In this spirit, I will make a list of the dirtiest climate moves on the planet, followed by a menu plan that incorporates as many of these as possible. Hopefully, by facing the dark side head on, we can avoid the worst case scenario.
In order to help with this quest, I'll use an online tool called the Food Carbon Emissions Calculator, into which we can plug the food item we wish to review, the amount we wish to eat and the distance it will be shipped via truck in the U.S., once it reaches port. This handy calculator spits out the number of kilograms of carbon dioxide created by producing and delivering a pound of the food in question, right to your door.
Top of the list is red meat, with lamb being the worst, carrying a cost of nearly 12kg of atmospheric carbon per pound of meat. Those baby sheep manage to belch a lot of methane during their short lives, and don't produce much meat in return. And, they require the raising and maintenance of a parent herd to birth them. Cheese is also a major carbon offender.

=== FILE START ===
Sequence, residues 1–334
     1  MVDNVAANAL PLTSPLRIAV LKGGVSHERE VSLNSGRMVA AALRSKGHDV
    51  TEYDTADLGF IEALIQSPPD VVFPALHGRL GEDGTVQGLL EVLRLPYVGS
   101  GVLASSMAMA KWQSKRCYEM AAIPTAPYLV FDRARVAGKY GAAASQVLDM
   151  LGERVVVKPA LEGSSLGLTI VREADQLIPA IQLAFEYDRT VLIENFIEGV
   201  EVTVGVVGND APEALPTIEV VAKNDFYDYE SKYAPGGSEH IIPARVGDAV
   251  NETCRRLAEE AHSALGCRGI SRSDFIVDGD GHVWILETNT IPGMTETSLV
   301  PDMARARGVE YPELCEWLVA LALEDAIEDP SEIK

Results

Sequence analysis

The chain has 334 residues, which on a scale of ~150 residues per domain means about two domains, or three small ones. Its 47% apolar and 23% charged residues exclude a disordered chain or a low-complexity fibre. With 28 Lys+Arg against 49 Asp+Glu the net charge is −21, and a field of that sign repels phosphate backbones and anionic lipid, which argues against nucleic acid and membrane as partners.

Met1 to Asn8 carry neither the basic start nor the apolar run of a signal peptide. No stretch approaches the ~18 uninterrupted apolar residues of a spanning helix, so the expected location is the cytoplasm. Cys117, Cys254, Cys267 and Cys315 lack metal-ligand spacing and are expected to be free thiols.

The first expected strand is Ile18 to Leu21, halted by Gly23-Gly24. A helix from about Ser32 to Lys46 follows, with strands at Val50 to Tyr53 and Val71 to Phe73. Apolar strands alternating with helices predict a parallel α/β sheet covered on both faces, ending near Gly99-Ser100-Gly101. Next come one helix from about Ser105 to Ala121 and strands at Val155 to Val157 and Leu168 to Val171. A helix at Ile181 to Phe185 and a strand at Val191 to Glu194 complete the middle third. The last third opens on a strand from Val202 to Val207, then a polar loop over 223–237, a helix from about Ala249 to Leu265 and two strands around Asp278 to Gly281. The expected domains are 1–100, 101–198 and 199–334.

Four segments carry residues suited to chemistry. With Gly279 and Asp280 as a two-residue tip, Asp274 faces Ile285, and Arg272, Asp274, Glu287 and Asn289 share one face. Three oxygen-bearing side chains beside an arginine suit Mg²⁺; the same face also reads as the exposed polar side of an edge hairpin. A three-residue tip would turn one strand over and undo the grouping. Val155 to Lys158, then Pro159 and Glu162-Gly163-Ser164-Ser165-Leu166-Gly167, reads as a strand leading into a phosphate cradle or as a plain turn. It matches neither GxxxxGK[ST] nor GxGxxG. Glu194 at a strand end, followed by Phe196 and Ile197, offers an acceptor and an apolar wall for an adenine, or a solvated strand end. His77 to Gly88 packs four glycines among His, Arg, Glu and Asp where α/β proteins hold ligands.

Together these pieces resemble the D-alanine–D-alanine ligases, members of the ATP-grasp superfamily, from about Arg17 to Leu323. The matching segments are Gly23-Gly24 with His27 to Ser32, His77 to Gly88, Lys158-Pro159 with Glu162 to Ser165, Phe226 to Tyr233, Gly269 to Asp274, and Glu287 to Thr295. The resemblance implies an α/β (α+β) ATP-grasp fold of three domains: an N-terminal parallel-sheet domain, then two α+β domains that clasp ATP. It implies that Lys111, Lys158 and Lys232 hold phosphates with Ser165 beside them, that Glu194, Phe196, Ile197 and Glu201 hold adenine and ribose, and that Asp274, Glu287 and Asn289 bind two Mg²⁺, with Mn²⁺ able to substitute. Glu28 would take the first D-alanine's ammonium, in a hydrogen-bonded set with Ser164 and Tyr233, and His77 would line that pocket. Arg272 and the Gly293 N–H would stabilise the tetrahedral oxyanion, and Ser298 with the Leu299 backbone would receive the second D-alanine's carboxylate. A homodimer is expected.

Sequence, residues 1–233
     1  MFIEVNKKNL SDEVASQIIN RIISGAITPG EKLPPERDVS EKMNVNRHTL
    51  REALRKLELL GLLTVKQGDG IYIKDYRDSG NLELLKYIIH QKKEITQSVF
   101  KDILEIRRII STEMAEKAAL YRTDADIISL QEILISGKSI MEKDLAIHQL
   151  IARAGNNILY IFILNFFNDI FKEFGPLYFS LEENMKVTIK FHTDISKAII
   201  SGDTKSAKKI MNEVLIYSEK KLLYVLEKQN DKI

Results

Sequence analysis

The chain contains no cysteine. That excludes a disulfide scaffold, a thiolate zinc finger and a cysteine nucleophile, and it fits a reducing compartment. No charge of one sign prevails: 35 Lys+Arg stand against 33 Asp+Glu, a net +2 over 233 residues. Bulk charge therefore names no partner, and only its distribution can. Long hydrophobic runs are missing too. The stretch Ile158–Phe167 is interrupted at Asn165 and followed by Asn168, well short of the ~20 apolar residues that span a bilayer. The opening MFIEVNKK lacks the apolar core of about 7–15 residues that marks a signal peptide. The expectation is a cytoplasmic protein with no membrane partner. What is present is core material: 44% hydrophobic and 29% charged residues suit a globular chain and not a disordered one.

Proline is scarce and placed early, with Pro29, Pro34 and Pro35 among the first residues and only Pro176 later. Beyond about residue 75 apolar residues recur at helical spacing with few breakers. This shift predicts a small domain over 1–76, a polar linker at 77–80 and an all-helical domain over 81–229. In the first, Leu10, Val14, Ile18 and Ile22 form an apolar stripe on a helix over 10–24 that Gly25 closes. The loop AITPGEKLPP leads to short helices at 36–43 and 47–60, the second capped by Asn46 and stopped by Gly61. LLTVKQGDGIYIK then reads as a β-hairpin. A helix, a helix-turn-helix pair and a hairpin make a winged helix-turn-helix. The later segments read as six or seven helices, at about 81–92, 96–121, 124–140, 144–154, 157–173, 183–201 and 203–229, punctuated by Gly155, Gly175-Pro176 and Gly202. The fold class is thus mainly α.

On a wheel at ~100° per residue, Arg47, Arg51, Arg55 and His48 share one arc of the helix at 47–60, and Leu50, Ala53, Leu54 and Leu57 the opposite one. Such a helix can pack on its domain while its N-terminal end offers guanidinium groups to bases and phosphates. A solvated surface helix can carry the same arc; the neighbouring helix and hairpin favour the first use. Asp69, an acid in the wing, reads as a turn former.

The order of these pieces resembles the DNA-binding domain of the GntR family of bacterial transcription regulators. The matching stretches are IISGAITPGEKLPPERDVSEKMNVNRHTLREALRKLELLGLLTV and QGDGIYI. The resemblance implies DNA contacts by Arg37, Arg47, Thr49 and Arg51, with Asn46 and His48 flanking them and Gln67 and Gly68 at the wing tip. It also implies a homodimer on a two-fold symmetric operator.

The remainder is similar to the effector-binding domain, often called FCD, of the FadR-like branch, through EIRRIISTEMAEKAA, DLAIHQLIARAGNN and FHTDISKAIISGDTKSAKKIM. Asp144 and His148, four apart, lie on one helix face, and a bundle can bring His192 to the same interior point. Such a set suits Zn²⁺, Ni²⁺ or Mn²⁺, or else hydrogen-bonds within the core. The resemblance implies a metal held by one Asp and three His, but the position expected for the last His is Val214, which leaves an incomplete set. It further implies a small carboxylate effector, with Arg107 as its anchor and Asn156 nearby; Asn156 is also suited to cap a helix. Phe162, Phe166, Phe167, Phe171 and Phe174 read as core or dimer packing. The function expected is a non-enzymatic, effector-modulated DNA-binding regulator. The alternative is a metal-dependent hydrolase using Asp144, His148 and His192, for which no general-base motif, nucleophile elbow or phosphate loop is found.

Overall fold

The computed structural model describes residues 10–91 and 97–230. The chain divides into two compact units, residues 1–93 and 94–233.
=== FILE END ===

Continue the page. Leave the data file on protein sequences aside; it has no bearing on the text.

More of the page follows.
The Climate Deniers' Happy Meal will be cooked for a long time, thereby using lots of carbon-intensive energy. Raw steak would be a more responsible choice, but we are going to cook it for hours. And we’ll serve it with out-of-season side dishes and greedy desserts.
The main course will be braised lamb shanks, aka osso bucco. Shank is the only part of a lamb's body that could survive—actually thrive—under extended cooking, thanks to its being the toughest part of the lamb, so tough it needs to be cooked for hours to render it chewable. In order to waste as much energy as possible, we will braise the shanks in a big oven, rather than a crockpot. The osso bucco must be from a lamb, not a full-grown sheep, because mutton is too efficient for our purposes.
I would be tempted to order our lamb from New Zealand, from which about half of the U.S. lamb is imported, but New Zealanders take climate change seriously, and are actively implementing measures to maximize the feed conversion efficiency of their flocks, and minimize the greenhouse gas emissions from lamb. A recent study outlined ways that the GHG emissions from lamb could be sliced by 30 percent, while those from beef—widely considered the world's number-two GHG emitter—could be reduced by 15 percent.